I’ve been influenced by hundreds of people, starting with my parents. People influence me every single day. The people I have acknowledged here have had a profound impact on me, not only by their words but their actions. They practice what they preach with utter integrity. They have led their lives for the good of others. They are examples of what we all should strive to be. I have been honored to have had personal interaction with all of them, and I am listing them here in the order in which I have connected with them, beginning with the most recent.
I greatly admire Dr. Capra, a physicist and systems theoretician, who had the courage to write The Tao of Physics in 1975, tying together in science and Eastern religion at the risk of being debunked by classical scientists. His holistic approach to the world was a departure from the mechanistic worldview of empirical science. He sees everything — ecology, social justice, politics, economics, etc. — operating in the same way as the organic system of the human body or planetary activity. Dr. Capra’s evolved spirituality recognizes consciousness in everything and celebrates the oneness of the Universe. He sees the physicist and the mystic coming to the same conclusions but from different paths that transcend the senses — the first via subatomic particles, and the latter, by achieving super-heightened states of consciousness. This resounds with my own view that the concept of oneness with the universe and each other is shared by quantum physicists, Eastern yogis, Christian mystics and many more.
What is the likelihood that a young woman from Kansas would receive a PhD in Education from Harvard and become a Greek Orthodox nun? The really amazing part of her story, however, is her rescue and recovery after being crushed and trapped by 60 tons of beams and other debris when the two walkways collapsed at the Hyatt Regency Hotel in Kansas City in 1981. Miraculously, she found herself out of the rubble and in the arms of a stranger who told her everything was going to be fine. One hundred fourteen people died and over 200 were seriously injured. She was paralyzed from the waist down and was told that she would never walk again. Three months later she walked out of the hospital, albeit with two canes. When Mother Amiliane joined a monastery in Greece, she was introduced to her spiritual mentor’s elder, Archimandrite Aemilianos, Abbot of Simonos Petras Monastery of Mt. Athos. He had never set foot in the United States, yet she recognized him to be the very man who had cradled her after the collapse at the Hyatt. She then understood that he was a mystic and that what had saved her were his prayers from the other side of the world. Today she is the picture of health and heads St. Nina’s Monastery, an oasis for the soul. What is most awe inspiring about Mother Aemiliane is her utter faith in God, and the love she exudes. My sensation when I am around her is a warm feeling of being well protected. My daughter asked her how she defines God. “That’s the problem,” she answered. “People want to know God from here to here,” her hand gesturing from the chin up. “We meet God here,” she said as she placed her hand on her heart.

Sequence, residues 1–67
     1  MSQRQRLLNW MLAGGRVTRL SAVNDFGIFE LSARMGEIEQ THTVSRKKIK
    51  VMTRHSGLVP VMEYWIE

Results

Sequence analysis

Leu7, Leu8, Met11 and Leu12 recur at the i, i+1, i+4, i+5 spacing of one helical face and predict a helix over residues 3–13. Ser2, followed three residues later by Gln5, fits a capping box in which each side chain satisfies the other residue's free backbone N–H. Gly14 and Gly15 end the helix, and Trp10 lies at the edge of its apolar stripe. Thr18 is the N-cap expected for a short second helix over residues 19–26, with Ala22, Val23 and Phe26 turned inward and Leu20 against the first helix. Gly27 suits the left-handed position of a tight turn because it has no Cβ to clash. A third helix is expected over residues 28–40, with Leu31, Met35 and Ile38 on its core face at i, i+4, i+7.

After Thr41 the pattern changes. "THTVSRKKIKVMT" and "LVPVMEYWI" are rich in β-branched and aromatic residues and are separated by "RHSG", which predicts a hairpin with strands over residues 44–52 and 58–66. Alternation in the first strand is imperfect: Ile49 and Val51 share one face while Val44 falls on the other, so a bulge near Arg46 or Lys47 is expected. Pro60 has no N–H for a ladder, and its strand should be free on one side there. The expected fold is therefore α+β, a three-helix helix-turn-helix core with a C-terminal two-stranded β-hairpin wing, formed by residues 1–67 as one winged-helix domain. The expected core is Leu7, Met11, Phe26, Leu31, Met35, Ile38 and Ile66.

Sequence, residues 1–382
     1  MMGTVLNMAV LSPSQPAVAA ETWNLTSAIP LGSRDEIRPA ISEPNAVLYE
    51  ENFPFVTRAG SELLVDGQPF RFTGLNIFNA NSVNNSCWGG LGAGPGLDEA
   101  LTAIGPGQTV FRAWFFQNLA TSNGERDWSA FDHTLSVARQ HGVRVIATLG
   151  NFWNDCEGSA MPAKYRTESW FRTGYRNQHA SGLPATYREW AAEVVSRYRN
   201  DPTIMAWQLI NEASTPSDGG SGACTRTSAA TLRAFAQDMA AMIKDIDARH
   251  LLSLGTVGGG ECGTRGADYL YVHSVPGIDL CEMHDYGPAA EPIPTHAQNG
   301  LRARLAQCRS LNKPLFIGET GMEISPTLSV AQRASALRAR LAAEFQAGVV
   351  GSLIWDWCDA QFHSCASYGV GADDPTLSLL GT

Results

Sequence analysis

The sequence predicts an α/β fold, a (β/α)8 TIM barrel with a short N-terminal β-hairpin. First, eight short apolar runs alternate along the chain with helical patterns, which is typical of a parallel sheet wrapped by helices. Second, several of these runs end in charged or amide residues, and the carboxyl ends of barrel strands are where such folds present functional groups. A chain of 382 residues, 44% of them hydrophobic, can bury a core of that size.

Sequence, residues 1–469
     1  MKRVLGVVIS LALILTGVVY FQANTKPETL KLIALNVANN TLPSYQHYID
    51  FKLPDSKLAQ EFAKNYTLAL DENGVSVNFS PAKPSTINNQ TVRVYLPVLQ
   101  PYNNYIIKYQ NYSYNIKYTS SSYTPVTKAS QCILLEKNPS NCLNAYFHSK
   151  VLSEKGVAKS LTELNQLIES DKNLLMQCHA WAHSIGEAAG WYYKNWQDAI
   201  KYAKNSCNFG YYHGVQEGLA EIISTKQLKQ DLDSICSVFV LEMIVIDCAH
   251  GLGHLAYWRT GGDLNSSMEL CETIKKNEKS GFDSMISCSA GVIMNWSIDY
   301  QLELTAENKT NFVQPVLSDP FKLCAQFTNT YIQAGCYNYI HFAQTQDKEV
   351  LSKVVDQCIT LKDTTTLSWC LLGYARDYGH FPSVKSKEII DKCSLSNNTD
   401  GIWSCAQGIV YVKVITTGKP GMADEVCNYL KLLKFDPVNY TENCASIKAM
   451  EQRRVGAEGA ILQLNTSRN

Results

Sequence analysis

As a nuclear engineer, President Carter, in his own words, had never seen any conflict between science and his religious beliefs. His love for his fellow humans is demonstrated by volunteering for Habitat for Humanity with his wife, Rosalyn, for over 30 years to provide shelter for those who cannot afford housing. As President of the United States, this love was demonstrated as he pushed for peace in the Middle East, his mediation between Israeli Prime Minister Menachem Begin and Egyptian President Anwar Sadat resulted in the Camp David Accords, an agreement that Israel would to return Egyptian territory seized during the six-day war, and Egypt would recognize the statehood of Israel. President Carter’s love of humanity has also been responsible for the healing of millions of people. Through the Carter Center, Guinea worm disease, which in 1986 affected 3.5 million people in Africa and Asia, was reduced to only 25 known cases in 2016. Under the radar, he has targeted other diseases and implemented many more projects. Quietly, his work emulates that of Jesus Christ. They even share the same initials. The encouragement he gave me after reading the introduction to my book has been the best antidote for when doubt happens to rear its ugly little head. President Jimmy Carter has the kindest face of any human being I have ever met.